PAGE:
Think the V8-powered Mercedes-AMG G63 has too few cylinders? Well, Brabus apparently agrees, having just dropped a 662 kW turbocharged V12 into the G-Class.
Billed as the “world's most powerful twelve-cylinder off-roader”, just ten examples of this very special Brabus G V12 900 will be built.
Each one features a highly tuned version of the German brand’s twin-turbo V12 petrol engine, bored out from 6,0 to 6,3 litres and producing a whopping 662 kW and 1 500 N.m (although Brabus says the latter figure is “limited electronically to 1 200 N.m”). For reference, the standard version of this powerplant makes 390 kW in the Mercedes-Benz S600 L.
Employing a (presumably uprated) nine-speed automatic transmission and all-wheel drive, the G V12 900 will hit 100 km/h from standstill in a claimed 3,8 seconds (seven-tenths quicker than the G63) and top out at 280 km/h.
So, what has Brabus done to the standard engine? Well, the company has installed a special billet crankshaft with longer stroke, larger forged pistons and special “precision-balanced” billet connecting rods, as well as reprogrammed the engine electronics.
The two production turbos, meanwhile, have been uprated and the exhaust manifolds suitably modified. The conversion includes 80 mm downpipes, free-flow metal catalysts and a Brabus stainless high-performance exhaust system with actively controlled flaps. A new intake manifold includes a special air filter box with a larger cross-section and uprated filters, as well as "gold heat reflection" sheathing.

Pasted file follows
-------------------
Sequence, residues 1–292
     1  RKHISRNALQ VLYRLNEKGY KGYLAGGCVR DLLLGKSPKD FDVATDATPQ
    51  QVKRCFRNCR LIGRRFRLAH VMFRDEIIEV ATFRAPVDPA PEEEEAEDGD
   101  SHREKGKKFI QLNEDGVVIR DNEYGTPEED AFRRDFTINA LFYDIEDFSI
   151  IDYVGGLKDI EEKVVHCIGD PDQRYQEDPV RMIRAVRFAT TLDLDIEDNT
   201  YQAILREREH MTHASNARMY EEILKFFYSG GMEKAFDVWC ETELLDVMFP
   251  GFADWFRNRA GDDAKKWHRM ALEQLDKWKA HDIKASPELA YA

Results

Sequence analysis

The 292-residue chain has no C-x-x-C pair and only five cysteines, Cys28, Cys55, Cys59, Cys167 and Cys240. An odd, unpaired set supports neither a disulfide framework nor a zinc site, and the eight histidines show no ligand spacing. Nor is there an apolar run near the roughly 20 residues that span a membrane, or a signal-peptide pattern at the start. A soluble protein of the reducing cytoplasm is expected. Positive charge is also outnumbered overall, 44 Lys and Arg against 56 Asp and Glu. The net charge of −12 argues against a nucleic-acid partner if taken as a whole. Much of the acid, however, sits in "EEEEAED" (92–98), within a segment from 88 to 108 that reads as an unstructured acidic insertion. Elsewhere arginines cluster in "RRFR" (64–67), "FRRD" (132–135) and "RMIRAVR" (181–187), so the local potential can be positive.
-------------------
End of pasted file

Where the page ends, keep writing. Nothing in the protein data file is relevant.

The rest of the vehicle has been upgraded, too, now boasting a wider track, a widebody kit (adding 100 mm to the width of the body) and forged wheels measuring up to 24 inches in diameter.
Inside, you’ll find swathes of leather, Alcantara headliner, a "One of ten” plaque and three analogue additional gauges (delivering speed, outside temperature and time information) for the rear passengers. Further features in the cockpit are the aluminium pedals and door-lock pins as well as the naked-carbon scuff plates with backlit logos.
Ryan has spent most of his career in online media, writing about everything from sport to politics and other forms of crime. But his true passion – reignited by a 1971 Austin Mini Mk3 still tucked lifeless in a dark corner of his garage – is of the automotive variety.